Facebook backs down on privacy terms

From CNET News.com: Facing a federal complaint from a leading privacy advocacy organization and a revolt of tens of thousands of its users, Facebook on Tuesday night backed down from what many have seen as an onerous privacy policy.

The policy had seemed to grant Facebook perpetual rights to users' uploaded content, and the threatened complaint from the Electronic Privacy Information Center (EPIC) had demanded, essentially, that the social-networking service return to its previous terms.

Facebook CEO Mark Zuckerberg wrote in a blog post late Tuesday that the company had decided to do just that:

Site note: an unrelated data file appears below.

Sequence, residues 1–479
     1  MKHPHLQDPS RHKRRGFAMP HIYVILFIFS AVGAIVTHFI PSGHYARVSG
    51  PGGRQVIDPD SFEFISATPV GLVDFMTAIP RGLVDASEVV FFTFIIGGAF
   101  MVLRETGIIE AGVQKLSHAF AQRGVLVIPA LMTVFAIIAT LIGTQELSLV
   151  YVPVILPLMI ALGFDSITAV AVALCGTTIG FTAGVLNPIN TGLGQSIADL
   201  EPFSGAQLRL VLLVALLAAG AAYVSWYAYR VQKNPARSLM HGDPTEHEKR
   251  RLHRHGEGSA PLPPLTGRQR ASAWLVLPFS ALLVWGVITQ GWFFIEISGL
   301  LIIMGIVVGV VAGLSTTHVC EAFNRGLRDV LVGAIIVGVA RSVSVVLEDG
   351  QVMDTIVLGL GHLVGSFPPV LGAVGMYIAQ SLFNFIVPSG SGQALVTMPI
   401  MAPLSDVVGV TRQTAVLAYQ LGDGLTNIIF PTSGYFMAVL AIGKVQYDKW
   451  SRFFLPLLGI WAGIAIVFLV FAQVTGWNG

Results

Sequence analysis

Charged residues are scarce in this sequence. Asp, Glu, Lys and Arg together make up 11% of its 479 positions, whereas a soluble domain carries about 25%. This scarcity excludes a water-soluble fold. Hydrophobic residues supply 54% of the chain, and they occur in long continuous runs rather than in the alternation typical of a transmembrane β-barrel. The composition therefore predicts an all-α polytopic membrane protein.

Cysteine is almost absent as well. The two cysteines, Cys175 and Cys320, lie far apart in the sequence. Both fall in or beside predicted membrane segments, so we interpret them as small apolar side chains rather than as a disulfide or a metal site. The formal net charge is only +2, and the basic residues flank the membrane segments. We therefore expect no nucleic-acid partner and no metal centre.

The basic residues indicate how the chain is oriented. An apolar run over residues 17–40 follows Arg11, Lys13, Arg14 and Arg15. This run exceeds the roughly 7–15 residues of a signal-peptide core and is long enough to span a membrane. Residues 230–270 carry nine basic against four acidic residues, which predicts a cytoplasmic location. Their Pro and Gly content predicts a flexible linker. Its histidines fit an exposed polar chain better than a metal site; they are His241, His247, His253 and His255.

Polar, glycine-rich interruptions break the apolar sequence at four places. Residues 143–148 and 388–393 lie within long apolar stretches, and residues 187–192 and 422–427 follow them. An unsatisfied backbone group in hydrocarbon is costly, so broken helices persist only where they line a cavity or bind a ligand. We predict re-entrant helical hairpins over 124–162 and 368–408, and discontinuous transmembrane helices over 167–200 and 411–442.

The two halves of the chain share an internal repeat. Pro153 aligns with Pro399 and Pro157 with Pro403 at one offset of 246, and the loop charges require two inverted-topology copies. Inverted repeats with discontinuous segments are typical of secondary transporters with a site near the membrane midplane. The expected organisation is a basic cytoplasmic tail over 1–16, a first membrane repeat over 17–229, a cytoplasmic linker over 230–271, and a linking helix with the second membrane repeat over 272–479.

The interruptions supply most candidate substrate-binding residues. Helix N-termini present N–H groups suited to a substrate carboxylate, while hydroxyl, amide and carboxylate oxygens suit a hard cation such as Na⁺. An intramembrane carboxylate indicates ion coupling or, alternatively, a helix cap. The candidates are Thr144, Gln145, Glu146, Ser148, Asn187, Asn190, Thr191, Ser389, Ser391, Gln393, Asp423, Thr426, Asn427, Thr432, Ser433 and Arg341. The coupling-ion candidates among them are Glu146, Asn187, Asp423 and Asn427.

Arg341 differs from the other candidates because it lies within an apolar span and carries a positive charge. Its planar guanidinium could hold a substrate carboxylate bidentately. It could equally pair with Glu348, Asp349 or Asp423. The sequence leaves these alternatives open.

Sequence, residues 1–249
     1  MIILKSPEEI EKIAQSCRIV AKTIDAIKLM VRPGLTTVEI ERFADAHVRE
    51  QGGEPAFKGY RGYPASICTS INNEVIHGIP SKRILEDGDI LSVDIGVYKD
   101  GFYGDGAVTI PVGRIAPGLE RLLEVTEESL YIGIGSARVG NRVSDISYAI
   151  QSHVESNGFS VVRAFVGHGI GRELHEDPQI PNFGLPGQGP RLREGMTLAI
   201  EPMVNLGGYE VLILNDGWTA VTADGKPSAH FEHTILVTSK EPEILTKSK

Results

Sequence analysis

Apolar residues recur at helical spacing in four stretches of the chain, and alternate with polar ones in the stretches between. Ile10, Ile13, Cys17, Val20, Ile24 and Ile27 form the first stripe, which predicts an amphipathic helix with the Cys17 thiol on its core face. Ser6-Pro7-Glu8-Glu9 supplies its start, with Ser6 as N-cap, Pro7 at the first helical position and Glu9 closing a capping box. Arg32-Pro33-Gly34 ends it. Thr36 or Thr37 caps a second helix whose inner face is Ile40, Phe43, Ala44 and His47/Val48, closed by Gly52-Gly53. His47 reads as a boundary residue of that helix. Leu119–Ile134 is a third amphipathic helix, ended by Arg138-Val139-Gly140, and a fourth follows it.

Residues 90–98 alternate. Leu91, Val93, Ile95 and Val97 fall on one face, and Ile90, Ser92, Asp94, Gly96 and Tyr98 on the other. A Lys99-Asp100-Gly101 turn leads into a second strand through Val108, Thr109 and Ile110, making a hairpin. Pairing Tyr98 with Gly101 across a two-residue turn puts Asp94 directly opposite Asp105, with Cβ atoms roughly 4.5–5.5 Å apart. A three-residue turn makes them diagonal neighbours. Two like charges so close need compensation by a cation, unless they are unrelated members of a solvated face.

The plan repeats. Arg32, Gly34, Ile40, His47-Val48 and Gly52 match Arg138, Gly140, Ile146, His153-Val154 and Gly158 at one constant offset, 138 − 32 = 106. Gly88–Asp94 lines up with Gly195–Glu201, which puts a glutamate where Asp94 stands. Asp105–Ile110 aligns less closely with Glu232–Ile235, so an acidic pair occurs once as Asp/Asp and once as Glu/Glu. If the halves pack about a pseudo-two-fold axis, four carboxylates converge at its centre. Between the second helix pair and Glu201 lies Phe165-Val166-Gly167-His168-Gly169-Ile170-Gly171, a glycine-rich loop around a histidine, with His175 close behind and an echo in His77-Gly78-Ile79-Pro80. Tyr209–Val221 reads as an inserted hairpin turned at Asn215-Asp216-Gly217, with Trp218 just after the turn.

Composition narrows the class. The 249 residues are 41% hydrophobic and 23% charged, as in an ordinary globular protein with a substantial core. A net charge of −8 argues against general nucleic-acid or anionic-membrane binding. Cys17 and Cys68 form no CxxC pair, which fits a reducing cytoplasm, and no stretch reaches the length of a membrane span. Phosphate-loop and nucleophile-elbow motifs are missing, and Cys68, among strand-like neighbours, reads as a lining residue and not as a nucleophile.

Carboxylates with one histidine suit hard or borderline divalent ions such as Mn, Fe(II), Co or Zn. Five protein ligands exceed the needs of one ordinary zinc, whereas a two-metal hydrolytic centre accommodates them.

"Many of us at Facebook spent most of today discussing how best to move forward. One approach would have been to quickly amend the new terms with new language to clarify our positions further. Another approach was simply to revert to our old terms while we begin working on our next version. As we thought through this, we reached out to respected organizations to get their input.

Going forward, we've decided to take a new approach towards developing our terms. We concluded that returning to our previous terms was the right thing for now. As I said yesterday, we think that a lot of the language in our terms is overly formal and protective so we don't plan to leave it there for long."

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